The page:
From the seventeenth to nineteenth centuries London grew from a relatively small city on the periphery of the European economy to become one of the largest metropolises in the world, and a global trading hub. This paper uses occupational data (primarily for men, although the nature of women’s work will ... (Show more)
From the seventeenth to nineteenth centuries London grew from a relatively small city on the periphery of the European economy to become one of the largest metropolises in the world, and a global trading hub. This paper uses occupational data (primarily for men, although the nature of women’s work will be examined in detail for the period after 1851, when systematic data for them becomes available for the first time) to present an overview of how London’s workforce changed during this period. This will illustrate how London's economic function developed as Great Britain experienced the First Industrial Revolution. Understanding these trends requires a range of datasources, including legal records, baptismal and marriage registers, and the Census. These all have to be recalibrated and re-weighted to correct for their respective biases in order to gain a truly accurate picture of London's economic history.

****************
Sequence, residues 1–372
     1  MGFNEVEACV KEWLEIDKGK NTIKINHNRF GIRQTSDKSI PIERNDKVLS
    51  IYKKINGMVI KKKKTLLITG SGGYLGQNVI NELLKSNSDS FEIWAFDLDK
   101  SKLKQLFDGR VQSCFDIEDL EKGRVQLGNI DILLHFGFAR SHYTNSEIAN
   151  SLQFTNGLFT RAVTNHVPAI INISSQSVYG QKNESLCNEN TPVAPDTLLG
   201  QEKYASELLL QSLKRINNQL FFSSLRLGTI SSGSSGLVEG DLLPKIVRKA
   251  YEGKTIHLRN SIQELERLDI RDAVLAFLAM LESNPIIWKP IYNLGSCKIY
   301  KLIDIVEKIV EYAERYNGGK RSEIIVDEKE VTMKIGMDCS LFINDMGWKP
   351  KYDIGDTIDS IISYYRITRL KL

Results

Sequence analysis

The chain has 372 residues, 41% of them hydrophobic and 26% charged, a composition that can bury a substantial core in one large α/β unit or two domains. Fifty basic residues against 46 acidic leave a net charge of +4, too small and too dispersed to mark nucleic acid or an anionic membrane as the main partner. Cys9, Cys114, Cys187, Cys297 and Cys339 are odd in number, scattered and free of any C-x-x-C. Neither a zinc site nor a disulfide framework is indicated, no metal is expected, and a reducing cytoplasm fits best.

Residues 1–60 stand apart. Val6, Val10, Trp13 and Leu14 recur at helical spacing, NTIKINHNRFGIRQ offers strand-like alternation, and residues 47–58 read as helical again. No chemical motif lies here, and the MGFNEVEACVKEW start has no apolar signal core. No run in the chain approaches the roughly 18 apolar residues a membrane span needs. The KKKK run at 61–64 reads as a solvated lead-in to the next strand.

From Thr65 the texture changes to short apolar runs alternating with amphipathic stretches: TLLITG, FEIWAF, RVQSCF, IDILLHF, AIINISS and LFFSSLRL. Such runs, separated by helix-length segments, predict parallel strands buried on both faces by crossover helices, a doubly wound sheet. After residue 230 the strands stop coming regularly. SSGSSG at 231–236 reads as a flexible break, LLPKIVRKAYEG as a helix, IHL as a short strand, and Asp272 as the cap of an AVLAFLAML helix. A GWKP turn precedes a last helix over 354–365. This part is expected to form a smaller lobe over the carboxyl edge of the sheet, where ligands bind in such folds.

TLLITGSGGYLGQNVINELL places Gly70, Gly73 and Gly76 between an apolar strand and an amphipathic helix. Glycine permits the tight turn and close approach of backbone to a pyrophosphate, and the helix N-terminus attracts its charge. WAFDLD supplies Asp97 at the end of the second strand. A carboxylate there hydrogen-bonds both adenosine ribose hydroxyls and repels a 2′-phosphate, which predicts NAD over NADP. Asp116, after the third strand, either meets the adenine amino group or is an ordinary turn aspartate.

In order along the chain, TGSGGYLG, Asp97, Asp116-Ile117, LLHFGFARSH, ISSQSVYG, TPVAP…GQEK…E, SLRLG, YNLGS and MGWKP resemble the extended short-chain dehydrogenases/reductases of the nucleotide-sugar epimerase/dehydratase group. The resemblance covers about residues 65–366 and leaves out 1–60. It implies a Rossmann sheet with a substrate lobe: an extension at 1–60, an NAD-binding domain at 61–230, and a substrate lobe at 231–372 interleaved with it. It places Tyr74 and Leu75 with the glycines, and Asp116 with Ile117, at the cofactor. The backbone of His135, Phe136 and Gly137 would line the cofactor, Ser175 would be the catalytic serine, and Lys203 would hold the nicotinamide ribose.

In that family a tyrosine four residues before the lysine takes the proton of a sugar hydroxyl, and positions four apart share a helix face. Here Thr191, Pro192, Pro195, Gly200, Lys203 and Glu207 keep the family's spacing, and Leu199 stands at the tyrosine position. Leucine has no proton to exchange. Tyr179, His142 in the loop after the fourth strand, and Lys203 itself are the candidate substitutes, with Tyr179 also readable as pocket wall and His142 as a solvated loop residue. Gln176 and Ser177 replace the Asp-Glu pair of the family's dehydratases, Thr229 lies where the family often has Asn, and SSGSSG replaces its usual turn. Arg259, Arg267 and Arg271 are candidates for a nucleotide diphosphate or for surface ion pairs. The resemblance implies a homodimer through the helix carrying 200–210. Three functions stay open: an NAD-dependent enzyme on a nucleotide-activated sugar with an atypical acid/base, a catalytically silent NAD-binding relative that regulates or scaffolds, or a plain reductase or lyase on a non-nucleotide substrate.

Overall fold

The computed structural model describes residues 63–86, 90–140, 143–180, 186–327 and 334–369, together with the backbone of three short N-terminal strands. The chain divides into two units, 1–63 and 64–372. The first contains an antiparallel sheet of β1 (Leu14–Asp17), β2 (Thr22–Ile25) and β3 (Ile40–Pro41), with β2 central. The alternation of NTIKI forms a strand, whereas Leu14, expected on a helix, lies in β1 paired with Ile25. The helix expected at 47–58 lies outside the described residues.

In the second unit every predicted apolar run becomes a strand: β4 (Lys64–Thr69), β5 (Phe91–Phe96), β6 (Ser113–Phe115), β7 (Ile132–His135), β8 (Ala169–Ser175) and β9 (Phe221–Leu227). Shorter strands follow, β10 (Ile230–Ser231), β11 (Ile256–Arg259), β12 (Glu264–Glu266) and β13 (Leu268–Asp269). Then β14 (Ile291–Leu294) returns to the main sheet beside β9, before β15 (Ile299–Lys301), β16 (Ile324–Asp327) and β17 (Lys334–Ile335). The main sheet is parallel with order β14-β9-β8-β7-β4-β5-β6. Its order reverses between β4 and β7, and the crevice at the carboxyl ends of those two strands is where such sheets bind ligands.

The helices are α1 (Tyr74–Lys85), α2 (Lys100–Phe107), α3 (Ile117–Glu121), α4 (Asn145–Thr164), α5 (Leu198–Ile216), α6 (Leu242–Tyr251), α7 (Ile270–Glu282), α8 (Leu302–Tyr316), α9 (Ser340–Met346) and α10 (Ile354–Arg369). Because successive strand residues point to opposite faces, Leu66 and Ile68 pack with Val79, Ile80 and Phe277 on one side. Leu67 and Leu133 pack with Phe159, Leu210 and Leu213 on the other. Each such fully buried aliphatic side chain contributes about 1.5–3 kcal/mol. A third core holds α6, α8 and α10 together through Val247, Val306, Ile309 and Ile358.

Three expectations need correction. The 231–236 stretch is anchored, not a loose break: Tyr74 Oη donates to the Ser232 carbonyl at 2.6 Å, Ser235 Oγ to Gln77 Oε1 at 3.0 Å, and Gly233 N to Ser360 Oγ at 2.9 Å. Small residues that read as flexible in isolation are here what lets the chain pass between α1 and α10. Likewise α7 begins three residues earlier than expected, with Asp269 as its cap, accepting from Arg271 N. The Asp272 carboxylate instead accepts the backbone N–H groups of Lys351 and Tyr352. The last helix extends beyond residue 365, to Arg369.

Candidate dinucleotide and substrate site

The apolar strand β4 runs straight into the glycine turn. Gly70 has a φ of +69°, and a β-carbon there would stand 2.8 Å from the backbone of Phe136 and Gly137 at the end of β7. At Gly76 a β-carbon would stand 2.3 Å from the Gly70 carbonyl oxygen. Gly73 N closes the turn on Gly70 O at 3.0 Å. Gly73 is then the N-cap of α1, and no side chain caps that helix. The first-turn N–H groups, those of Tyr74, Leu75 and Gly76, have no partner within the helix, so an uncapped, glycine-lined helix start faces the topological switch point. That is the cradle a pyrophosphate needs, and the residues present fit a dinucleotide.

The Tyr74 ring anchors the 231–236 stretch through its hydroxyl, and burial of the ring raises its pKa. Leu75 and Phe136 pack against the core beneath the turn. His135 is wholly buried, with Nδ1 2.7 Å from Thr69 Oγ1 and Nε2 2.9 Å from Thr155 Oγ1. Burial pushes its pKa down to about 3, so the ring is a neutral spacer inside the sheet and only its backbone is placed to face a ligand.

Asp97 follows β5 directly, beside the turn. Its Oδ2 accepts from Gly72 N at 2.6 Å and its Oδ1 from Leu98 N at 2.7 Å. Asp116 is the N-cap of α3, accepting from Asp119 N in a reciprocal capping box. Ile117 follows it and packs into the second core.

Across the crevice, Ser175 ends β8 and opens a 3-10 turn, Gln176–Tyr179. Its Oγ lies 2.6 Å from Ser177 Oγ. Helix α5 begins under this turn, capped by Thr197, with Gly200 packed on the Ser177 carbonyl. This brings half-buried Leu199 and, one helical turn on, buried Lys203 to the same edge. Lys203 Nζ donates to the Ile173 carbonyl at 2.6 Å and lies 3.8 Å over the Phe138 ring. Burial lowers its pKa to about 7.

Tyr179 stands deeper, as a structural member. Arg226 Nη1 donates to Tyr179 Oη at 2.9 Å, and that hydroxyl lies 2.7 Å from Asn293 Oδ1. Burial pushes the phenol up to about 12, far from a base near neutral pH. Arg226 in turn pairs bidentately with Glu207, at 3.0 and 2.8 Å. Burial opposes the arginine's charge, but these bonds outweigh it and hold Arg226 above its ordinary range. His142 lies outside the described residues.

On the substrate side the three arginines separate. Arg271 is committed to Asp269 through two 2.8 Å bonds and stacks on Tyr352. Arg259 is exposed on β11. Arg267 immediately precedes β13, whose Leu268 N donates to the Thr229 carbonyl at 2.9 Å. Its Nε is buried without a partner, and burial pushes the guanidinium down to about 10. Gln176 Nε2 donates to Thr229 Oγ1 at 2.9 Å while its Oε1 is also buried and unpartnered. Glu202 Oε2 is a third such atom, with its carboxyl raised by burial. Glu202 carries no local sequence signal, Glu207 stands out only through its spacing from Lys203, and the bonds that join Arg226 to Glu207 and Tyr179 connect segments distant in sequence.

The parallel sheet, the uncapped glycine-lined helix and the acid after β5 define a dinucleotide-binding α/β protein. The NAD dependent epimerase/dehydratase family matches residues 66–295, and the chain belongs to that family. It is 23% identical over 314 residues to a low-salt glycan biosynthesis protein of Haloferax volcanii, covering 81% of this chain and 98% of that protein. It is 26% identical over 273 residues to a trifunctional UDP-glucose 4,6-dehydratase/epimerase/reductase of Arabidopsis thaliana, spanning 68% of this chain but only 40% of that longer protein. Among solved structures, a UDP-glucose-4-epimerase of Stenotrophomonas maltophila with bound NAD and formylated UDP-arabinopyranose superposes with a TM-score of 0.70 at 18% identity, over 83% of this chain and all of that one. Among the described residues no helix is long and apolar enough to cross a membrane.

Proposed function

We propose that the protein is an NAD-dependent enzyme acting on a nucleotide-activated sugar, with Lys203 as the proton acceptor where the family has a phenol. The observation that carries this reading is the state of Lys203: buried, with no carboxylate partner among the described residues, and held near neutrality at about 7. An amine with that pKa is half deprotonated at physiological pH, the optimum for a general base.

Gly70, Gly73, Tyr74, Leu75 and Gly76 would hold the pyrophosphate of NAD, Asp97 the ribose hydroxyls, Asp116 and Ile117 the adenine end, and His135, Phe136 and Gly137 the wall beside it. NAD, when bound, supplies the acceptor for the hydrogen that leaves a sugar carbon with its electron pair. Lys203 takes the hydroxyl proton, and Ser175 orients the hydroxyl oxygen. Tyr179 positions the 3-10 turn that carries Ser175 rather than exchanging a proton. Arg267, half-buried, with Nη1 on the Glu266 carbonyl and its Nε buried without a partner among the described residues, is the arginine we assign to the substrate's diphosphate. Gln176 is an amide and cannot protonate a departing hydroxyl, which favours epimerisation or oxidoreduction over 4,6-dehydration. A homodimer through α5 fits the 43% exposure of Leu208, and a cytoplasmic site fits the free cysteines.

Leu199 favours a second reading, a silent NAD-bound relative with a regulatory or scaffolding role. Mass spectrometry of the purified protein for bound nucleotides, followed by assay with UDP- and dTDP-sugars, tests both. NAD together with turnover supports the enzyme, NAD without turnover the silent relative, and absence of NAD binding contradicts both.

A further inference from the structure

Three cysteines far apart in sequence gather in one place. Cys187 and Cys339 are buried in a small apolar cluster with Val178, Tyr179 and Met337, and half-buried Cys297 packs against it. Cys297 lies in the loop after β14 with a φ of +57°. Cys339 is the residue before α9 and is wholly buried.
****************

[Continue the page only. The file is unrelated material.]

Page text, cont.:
Although early modern London’s economy has been much studied in the past, few historians have utilised datasets that accurately represent the entire metropolis, particularly for the period before the 1851 Census. This paper’s findings are based on a new analysis of sources that have previously not been systematically analysed. For the seventeenth century, this paper will use recognizances, which are legal records that recorded the occupations of the vast majority of men named in them; although there are skews in the data, they can be accounted for by re-weighting them using occupational data from baptismal registers, which are available for some parishes in London. The early eighteenth century data derives from the marriage registers of the Fleet Prison. In this period about half of all London marriages were celebrated in the jurisdiction of the Fleet. Likewise, a comparison with occupational data for parishes whose baptism registers records occupations with men marrying in the Fleet from the same parishes provides the basis for re-calibrating the Fleet data. The Fleet data are then compared with a complete sample of all of London’s baptism registers taken from 1813 to 1820, when every parish recorded the occupation of the father, and with the 1851, 1881, and 1911 censuses. The paper thus presents the first ever estimates of London’s occupational structure before the mid-mid-nineteenth century. This allows us to identify the range and scale of economic activities for the first time. London remained the largest manufacturing centre in Britain throughout, but the whole period was characterised by a very substantial relative shift away from manufacturing to the service sector. (Show less)